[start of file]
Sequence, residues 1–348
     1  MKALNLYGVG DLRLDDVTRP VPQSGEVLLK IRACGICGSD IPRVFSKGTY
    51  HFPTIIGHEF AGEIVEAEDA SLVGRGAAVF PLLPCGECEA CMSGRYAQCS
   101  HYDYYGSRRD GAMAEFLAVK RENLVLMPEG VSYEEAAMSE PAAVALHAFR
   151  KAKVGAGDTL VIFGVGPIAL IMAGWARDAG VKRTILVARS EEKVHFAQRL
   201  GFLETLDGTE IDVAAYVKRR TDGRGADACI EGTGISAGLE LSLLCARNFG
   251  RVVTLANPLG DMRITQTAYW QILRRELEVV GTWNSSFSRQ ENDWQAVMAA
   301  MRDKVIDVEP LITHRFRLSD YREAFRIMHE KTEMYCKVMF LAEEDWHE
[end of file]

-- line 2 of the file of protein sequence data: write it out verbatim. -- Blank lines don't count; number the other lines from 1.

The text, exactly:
     1  MKALNLYGVG DLRLDDVTRP VPQSGEVLLK IRACGICGSD IPRVFSKGTY